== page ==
Vibration transfer structure design diagram.

00015_PSISDG10564_1056401_page_3_1.jpg

This vibration transfer structure could be simplified into a single degree of freedom problem due to the symmetric feature. Thus, when the desired angular vibration frequency is lower than the structure natural frequency, the frequency response function from input excitation force to output angular displacement is plotted as Fig.2.

Fig. 2.

FRF picture from excitation force to angular displacement in low frequency.

00015_PSISDG10564_1056401_page_3_2.jpg

As it shown in Fig.2, when the desired angular vibration frequency is distinct lower than the natural frequency of the vibration transfer structure, the angular vibration displacement is nearly under the division of statics, in which the FRF from input translational force to output angular displacement is constant d/k, as Fig.3.

Fig. 3.

Vibration transfer principle in low frequency.

00015_PSISDG10564_1056401_page_3_3.jpg

When the desired angular vibration frequency is obvious higher than the structure natural frequency, the frequency response function from input excitation force to angular acceleration is plotted as Fig.4.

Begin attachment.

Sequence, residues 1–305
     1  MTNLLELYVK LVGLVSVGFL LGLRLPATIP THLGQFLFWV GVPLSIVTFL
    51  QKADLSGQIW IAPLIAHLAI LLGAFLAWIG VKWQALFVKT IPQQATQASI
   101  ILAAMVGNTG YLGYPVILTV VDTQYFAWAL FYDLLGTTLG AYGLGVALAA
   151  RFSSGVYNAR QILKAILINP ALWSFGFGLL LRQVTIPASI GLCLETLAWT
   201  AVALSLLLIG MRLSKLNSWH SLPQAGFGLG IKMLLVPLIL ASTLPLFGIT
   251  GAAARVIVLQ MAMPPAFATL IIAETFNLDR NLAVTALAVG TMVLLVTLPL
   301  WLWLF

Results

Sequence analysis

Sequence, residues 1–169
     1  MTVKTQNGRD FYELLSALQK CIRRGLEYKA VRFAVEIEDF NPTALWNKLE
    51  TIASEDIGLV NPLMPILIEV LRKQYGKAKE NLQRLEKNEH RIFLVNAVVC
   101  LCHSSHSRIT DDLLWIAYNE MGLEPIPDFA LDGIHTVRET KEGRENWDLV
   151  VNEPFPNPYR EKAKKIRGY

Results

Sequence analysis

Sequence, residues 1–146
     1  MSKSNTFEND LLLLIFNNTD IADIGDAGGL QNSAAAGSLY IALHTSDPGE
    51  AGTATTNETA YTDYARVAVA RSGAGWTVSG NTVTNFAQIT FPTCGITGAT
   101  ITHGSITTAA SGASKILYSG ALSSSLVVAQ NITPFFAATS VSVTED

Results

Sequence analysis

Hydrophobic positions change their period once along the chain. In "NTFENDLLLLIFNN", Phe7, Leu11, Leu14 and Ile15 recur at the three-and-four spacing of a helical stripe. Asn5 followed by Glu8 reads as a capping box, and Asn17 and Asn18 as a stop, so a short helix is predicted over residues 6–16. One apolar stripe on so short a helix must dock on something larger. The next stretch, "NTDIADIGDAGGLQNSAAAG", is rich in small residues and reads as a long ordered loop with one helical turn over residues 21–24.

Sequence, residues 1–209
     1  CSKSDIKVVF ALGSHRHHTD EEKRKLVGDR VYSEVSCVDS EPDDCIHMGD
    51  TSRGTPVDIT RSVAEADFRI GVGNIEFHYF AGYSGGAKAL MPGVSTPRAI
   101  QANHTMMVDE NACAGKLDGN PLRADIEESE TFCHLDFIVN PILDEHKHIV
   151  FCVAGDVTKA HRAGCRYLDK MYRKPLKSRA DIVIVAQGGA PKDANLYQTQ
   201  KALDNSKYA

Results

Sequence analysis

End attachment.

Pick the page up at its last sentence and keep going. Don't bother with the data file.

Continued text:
Fig. 4.

FRF picture from excitation force to angular acceleration in high frequency.

00015_PSISDG10564_1056401_page_3_4.jpg

As it shown in Fig.4, the vibration transfer structure is nearly in free-free boundary condition when the desired angular vibration frequency is distinct and higher than the vibration transfer structure natural frequency. This means that the flexible joint almost does not influence the dynamic response in high frequency. Therefore, the principle of vibration transfer in high frequency is just the same as free-free boundary condition, shown in Fig.5.

Fig. 5.

Vibration transfer principle in high frequency.

00015_PSISDG10564_1056401_page_3_5.jpg